Floyd Landis, From Tour De France Disgrace To Leadville Cannabis Entrepreneur

Listen Now
Photo: Floyd Landis
Floyd Landis at the CPR studios Wednesday, April 25, 2018.

Floyd Landis, cannabis entrepreneur, only had a few days to celebrate his victory in the 2006 Tour de France. After a blood test revealed performance enhancing drugs, he was stripped of his title and banned from professional cycling for the rest of his life.

Denying the accusations, ostracized and suffering from a hip injury, he turned to liquor and opioids. Then in 2010, he dropped a bombshell. In a letter to then-USA Cycling Landis not only admitted he’d doped for years, but he went on to implicate former teammate and seven-time Tour winner Lance Armstrong.

Photo: Floyd Landis Lance Armstrong Tour De France 2004
Lance Armstrong, right, and former teammate Floyd Landis during the 17th stage of the 2004 Tour de France.

As NPR reported, Landis sued Armstrong in 2010, and when Armstrong finally admitted his doping history in 2013, federal prosecutors joined Landis' suit on behalf of the United States Postal Service, which had sponsored the cyclists’ team.

Last week, Armstrong settled with USPS ahead of a scheduled May court date, and part of that settlement means Landis will receive more than $1 million.

Landis spoke with Colorado Matters about the settlement, and also about his new business, a cannabis products venture called Floyd’s of Leadville. He credits the drug with with saving his life. He’s pushing that business in a new direction, touting the benefits of non-psychoactive CBD hemp oil.

Interview Highlights:

Landis on the benefits of marijuana and CBD oil including in his own life as a recovering addict:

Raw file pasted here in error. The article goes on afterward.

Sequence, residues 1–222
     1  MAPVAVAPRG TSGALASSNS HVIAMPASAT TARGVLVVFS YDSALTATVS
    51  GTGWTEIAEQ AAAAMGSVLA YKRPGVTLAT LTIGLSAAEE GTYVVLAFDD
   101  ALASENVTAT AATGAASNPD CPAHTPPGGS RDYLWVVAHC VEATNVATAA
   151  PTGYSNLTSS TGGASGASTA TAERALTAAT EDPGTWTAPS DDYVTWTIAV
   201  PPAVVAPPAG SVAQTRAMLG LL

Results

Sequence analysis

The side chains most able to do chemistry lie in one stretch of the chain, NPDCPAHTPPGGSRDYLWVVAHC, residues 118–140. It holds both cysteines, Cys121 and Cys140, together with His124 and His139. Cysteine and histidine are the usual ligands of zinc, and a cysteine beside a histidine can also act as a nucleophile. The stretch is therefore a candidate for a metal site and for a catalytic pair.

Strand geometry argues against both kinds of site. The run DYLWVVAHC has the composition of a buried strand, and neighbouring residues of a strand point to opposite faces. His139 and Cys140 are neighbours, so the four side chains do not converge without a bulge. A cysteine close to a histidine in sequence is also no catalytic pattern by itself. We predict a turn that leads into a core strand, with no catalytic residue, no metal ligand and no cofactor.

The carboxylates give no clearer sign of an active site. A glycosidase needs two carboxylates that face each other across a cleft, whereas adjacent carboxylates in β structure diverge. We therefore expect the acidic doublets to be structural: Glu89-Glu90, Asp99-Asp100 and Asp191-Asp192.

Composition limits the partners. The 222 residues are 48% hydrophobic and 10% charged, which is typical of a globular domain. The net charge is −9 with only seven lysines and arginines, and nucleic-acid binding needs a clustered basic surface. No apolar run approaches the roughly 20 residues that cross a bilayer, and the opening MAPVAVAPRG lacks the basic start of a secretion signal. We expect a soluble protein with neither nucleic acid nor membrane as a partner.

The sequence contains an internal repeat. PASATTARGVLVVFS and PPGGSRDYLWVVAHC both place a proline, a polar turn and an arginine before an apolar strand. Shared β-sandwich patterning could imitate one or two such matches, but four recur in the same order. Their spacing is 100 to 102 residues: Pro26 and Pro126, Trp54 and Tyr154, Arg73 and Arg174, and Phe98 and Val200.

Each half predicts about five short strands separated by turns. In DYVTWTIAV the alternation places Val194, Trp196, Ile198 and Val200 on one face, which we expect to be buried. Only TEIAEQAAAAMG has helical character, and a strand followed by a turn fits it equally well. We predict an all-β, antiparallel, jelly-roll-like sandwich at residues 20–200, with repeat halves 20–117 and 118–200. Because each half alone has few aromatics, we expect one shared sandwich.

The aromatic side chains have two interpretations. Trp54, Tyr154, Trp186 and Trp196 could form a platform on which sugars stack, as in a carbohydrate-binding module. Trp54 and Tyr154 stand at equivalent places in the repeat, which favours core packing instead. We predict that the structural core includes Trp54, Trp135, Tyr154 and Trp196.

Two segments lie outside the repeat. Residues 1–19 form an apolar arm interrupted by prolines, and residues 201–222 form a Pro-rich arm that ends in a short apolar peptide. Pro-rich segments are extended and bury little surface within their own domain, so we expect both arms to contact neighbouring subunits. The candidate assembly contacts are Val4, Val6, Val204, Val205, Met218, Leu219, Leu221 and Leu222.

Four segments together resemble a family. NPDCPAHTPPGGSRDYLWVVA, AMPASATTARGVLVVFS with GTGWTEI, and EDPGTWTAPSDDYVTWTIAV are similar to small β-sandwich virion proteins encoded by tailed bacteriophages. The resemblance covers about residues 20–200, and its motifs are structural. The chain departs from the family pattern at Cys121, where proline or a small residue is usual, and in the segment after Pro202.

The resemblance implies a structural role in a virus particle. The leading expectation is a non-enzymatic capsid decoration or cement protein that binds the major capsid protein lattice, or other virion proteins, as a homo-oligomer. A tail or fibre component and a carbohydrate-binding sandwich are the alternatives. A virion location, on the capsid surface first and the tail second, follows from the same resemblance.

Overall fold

"Opiods work, temporarily at least, especially with alcohol. And it's easy to just have a nice warm feeling and go to sleep and forget about it. But at the end of the day, it's addicting and a lot of people don't have, or aren't as fortunate as I was to have, a support group that got me through it and kept me alive. Marijuana was legalized here a few years back, and I've been living in Colorado, so I had used it a few times in my life previously, just recreationally. And you know, I like the feeling. I'm not as big a fan as some people are. From time to time I use it just for entertainment's sake. But for me, it has more value medicinally, just because I do have occasional pain in my hip, and sometimes if there's other anxiety or other stress in life, that makes those things feel worse. CBD has really helped me because it seems to have the same medicinal effect without the psychoactive effect, and I can still go about my day and function. And the two work very well together, synergistically, but CBD on its own has a lot of similar and sometimes even better medicinal effects."

On why professional bicyclists still dope:

"It's still as much of a problem as it's ever been. And for them to pretend that this somehow solved something, that taking down Lance was going to fix it, is disingenuous. For one thing, the technology and humans don't evolve in the eight, 10 years since I've been there. And the speeds that they ride up mountains are the same. And the same people run the teams -- the people that were there when I was there, that were promoting drugs, that were helping to create the doping programs -- are still the very same people running it. And the people at the top, most people don't understand how the Olympics works, but the Olympics oversees a lot of different sports and they oversee cycling, and it's all the same guys at the top. It's just a massive fraud, and it's unfortunate that they take down individual athletes, and destroy their lives over it, knowing full well what's actually going on."

On his relationship with Lance Armstrong:

"I have no problem being civil with him. He and I went through a real public dispute, if you want to call it that. That doesn't generally leave people in a position where they end up friends. But I have no hard feelings. Look, he paid more than anyone else has paid, and he benefited more than anyone else. But I think it's a fair outcome, and I hope he finds happiness. And I hope people treat him with an open mind, and give him a second chance, because I would be hypocritical to say people don't deserve one."

More On Floyd Landis: